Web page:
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Holmes hosts first-ever statewide EMS Memorial Service

Holmes Community College hosted Mississippi’s first statewide memorial service for fallen EMTs, paramedics and other Emergency Medical Services professionals on May 25. The event, held in the McGowan Workforce Training Center on the Ridgeland Campus, recognized 132 emergency medical caregivers in the state who have died due to illness or injury suffered in the line of duty (or in close association to duty) over the past 49 years. The memorial was held in conjunction with National EMS Week which President Gerald Ford authorized in 1974. 

Holmes EMS Program Director Mark Galtelli kicked off the service with a welcome.

“As we begin this service, let us be reminded that we come together today with heavy hearts, but also with deep gratitude,” Galtelli said. “We are here to remember and celebrate the lives of those who have made the ultimate sacrifice in service to others.”

Following Galtelli’s welcome, there was a processional that included the Posting of the Colors by the American Medical Response (AMR) of Central Mississippi EMS Honor Guard. Galtelli then addressed the audience once more before the service proceeded.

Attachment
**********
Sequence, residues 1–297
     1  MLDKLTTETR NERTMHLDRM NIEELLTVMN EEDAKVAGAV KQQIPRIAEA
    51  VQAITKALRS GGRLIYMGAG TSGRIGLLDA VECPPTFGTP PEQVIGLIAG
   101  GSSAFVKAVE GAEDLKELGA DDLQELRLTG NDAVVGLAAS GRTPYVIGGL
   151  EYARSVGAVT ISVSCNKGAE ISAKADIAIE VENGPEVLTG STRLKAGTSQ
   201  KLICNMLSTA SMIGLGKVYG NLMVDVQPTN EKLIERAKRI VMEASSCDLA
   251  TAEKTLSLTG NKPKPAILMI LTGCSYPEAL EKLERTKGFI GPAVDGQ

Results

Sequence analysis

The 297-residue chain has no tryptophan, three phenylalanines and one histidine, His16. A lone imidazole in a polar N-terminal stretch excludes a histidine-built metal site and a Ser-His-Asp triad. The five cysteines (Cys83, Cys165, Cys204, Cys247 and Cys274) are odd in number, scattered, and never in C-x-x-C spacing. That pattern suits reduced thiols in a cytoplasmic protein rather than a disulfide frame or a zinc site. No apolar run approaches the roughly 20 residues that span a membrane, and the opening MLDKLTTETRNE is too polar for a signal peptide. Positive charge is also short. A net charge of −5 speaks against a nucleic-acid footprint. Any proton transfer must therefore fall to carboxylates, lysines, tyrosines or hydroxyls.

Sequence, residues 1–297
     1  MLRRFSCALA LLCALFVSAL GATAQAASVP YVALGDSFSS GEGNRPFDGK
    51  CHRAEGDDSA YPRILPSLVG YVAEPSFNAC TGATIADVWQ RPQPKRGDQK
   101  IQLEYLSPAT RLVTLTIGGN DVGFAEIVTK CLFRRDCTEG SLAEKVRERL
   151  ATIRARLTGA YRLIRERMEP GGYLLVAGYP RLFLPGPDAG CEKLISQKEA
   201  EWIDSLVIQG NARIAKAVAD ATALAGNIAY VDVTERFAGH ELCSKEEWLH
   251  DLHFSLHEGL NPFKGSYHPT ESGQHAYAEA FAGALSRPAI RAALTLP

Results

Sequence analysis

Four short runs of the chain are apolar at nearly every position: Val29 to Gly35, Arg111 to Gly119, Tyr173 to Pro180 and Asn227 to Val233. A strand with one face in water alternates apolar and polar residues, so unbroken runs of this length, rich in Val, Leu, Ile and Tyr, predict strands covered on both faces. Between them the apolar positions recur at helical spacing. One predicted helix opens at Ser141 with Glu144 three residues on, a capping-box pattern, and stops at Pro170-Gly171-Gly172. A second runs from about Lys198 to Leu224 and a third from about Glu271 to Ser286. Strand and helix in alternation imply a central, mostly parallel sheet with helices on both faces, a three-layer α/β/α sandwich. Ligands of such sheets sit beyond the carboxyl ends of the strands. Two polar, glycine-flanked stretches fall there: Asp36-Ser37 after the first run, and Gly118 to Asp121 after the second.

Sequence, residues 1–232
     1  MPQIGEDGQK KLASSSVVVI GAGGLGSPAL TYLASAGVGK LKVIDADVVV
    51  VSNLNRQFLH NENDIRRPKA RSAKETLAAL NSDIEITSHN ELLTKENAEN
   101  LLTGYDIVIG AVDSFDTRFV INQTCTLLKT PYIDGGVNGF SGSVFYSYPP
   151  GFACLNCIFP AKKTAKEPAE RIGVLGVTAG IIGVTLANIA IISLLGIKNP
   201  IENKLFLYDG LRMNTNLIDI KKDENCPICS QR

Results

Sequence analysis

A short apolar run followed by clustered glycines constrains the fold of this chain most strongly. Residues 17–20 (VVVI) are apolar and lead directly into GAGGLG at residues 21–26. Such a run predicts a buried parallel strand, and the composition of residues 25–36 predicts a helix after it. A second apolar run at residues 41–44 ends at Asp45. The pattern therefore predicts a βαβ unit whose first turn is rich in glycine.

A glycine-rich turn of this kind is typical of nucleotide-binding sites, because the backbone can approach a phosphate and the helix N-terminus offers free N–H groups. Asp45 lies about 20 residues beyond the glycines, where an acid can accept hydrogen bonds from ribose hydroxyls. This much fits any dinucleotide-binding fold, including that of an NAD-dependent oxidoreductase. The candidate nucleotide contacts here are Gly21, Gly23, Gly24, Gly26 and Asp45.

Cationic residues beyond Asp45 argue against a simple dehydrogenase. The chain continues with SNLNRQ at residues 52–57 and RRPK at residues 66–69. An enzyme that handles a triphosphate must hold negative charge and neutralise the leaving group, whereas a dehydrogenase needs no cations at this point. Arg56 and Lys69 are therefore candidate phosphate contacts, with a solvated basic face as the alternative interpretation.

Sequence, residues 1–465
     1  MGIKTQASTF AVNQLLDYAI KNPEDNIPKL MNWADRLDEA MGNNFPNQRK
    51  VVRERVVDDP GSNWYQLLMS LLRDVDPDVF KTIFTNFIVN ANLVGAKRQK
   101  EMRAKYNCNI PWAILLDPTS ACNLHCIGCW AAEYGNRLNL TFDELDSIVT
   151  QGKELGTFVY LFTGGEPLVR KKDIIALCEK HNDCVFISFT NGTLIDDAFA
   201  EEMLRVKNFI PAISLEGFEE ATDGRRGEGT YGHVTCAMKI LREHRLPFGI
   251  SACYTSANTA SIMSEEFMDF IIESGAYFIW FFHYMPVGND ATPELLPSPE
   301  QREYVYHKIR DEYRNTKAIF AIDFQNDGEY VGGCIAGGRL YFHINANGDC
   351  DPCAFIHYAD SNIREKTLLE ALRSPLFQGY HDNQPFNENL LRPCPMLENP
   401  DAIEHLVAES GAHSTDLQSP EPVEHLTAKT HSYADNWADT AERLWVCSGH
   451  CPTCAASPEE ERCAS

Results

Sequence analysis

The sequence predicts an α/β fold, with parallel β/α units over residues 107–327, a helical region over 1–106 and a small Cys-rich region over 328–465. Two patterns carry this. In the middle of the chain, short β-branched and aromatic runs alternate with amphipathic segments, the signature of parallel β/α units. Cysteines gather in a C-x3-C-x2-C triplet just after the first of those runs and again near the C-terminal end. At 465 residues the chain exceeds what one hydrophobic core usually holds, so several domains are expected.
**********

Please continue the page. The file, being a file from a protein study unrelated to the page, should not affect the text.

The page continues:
“As I look out over the audience, I see the brave men and women who represent many EMS agencies,” Galtelli said. “But we all work together to ensure the health and safety of our communities across this great state. This is EMS Week; a week dedicated to appreciating the service that we provide to the community. As we sit here this morning, we may reminiscence about the many hours that we sat in the front of an ambulance waiting on the next call. Or when some of you sat together after a call, consoling each other over the traumatic events you just witnessed as part of our service to the community. We have held each other close in our greatest time of need because we chose to do the work of caring for others in their greatest time of need. Today we honor the lives of those people we have lost.”

AMR paramedic Eric Phillips then took the podium to explain the significance of the Table of Honor which was set up as part of the service. Each element had a special meaning, down to the white tablecloth symbolizing the purity of EMS professionals’ intentions to respond to the needs of others. AMR paramedic Stella McNeer followed Phillips with an opening prayer before Director of the Bureau of Emergency Medical Services David Hall gave his remarks.